Squamish Strength and Nutrition Coach Matteo Marra of Matteo Marra Training helps outdoor enthusiasts learn to train so they can go further, have more fun, feel more confident, and get injured less. He builds customized programs, and provides added accountability, to make strength training for outdoor enthusiasts simple.
Below you can find more information direct from Matteo about why he believes strength training is important for outdoor enthusiasts, and how you can begin or improve your efforts to enhance all your outdoor adventures like hiking.
More people have been getting out into the backcountry than ever before – especially now that having your friends over for some beers is out of the question…
For me – getting out into the outdoors has been a huge outlet to burn off some extra energy after working from home all day. It’s also been great for dealing with the added stressors that come along with COVID regulations in a positive way.
I want you to be able to enjoy all this as much as I have. Even better is to be able to do it safely, while having fun, and improving your health!
I’m hoping that some of this will resonate with you, whether this is your first year getting into the outdoors more, or your 10th.
Human Being Before Athlete
Is your aim to feel the sun on your face, smell warm dry pine needles underfoot, or look out to the horizon from the shores of an alpine lake?
To me, that indicates that you are at least somewhat interested in being a healthy person.
We’re talking about physical health in the ways of avoiding heart disease, aging without osteoporosis, and maintaining a favourable body composition.
You might also be interested in positive mental health. Things like lowered anxiety levels, higher self-esteem, lessened fatigue, lowered frequency of depression symptoms.
All of these things can be furthered by strength training on a regular basis. After all, you are a human being first – getting out and experiencing what nature has to offer is just a benefit of that.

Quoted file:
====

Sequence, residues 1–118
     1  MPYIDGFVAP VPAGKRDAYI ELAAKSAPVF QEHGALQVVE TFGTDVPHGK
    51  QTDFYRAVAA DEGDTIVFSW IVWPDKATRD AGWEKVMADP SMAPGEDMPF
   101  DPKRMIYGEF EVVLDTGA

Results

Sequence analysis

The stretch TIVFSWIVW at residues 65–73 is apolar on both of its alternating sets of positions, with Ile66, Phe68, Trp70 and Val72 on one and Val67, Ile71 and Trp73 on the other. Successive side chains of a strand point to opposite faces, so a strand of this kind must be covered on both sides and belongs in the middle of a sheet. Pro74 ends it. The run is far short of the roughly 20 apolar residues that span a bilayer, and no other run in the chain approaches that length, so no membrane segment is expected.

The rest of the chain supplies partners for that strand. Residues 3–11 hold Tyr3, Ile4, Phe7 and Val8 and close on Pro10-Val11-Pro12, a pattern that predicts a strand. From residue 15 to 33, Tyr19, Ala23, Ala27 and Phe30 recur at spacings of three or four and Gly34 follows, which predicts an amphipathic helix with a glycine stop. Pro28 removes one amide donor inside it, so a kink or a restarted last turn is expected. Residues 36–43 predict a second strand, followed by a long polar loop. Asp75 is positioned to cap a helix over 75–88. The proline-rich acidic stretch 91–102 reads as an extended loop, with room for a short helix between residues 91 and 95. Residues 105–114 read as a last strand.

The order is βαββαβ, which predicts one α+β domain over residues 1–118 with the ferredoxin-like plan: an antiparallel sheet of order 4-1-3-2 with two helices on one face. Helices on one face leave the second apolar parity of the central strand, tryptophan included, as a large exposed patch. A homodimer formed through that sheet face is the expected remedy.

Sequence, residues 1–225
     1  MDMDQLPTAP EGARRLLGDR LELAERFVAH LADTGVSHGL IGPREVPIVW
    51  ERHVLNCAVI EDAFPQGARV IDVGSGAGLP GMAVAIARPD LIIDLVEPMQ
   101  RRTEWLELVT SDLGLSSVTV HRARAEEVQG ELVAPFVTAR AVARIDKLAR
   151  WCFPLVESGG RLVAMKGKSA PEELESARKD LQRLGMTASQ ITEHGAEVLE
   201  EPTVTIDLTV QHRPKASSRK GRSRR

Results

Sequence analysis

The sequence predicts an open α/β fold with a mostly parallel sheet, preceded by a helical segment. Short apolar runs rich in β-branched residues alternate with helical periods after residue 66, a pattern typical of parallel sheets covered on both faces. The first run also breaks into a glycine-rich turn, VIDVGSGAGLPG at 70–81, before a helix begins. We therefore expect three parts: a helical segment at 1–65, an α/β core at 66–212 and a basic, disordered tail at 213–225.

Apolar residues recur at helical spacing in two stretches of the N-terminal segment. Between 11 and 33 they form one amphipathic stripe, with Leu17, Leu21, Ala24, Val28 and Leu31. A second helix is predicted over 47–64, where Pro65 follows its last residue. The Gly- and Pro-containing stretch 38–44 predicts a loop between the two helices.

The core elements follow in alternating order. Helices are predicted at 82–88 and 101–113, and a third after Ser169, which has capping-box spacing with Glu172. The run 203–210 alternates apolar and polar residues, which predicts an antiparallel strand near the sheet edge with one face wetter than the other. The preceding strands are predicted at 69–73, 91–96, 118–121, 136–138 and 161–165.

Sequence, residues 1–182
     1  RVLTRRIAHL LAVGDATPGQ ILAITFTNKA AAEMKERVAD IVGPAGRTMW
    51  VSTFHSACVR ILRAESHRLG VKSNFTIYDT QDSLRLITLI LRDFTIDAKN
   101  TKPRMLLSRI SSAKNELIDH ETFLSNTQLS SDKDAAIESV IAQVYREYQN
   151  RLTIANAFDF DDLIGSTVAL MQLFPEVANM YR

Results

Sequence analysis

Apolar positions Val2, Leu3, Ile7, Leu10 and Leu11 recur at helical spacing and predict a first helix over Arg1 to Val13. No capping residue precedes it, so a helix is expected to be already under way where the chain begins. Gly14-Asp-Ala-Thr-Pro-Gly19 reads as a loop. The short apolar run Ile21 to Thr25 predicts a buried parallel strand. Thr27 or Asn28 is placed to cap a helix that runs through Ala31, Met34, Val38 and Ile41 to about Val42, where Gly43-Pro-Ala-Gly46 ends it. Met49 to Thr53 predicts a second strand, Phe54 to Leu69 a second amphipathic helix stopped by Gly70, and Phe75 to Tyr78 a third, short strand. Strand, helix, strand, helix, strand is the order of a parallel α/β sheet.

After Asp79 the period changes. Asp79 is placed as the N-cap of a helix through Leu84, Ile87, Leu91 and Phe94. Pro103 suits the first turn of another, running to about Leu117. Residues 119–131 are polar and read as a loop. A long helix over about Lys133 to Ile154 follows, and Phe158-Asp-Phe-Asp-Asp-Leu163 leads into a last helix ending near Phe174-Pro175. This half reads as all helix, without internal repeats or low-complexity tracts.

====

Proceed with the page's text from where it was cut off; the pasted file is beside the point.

The importance of your health extends even beyond your own personal happiness and wellbeing.
Recently I heard a great saying from someone who’s spent a ton of time in the mountains.
“Take care of the person at the end of your rope”
In order to do that properly, you have to be a competent, capable partner.
Put your own oxygen mask on first!
You will have more fun if you are stronger.
There is no question that being stronger will let you go further, faster.
You’ll get to see places:
- That you’ve never been.
- With less crowds.
- In less than perfect conditions (deeper snow, harder winds, etc.)
Being injured could leave a stain on your sport that may never fully wash out.
I’m not just talking about the immediate pain you feel the moment you roll an ankle, or even the 6+ weeks of pain you might feel after that…
Consider the realistic implications of an ankle sprain beyond acute pain.
- Potential long-term impacts on your enjoyment whenever you’re doing your sport.
- Time “off” where you could be learning new technical skills / improving your fitness.
- Mental challenges associated with being unable to participate in your activities.
What if I told you that you could enjoy all the beautiful things about hiking, skiing, bike riding, or whatever, without feeling the deep discomfort or burning in your muscles and lungs?
Would you honestly say that you’d rather keep them?
I’m not saying strength training will make those things go away entirely, but your perceived exertion will certainly decrease if you significantly increase your strength.
Less Discomfort = More Fun
(I heard that fun is the reason we got into this stuff in the first place)
Oh, did I mention that all your gear will feel lighter?
It SLAYS me to hear that a person would spend (insert stupid dollar value here) to upgrade their (insert piece of gear here) for a slightly lighter version WITHOUT ever attempting to become stronger in the first place.
Less SAR Calls
Before I get a bunch of keyboard warriors jumping on this, I’m not saying that all SAR calls happen because of weak people.
We KNOW that resistance training can reduce the likelihood of a variety of musculoskeletal injuries that could lead to a rescue situation if they happened at the wrong place/wrong time.
Fractures due to lower bone mineral density – yes, lifting heavy things makes your bones stronger.
Common injuries – ankle sprains, ACL tears, Fallen-on-Outstretched-Hand injuries… can be prevented.
If you’re willing to spend $700 on an avalanche backpack, ask yourself why are you not willing to do some squats for 15 minutes, twice per week?
Call me old-fashioned, but I’d say that the most important tool you’ve got is your body. So go spend some time sharpening it!
If you’d like an accelerated route to a stronger, fitter version of yourself – shoot Matteo an email to firstname.lastname@example.org. Learn more about Matteo at: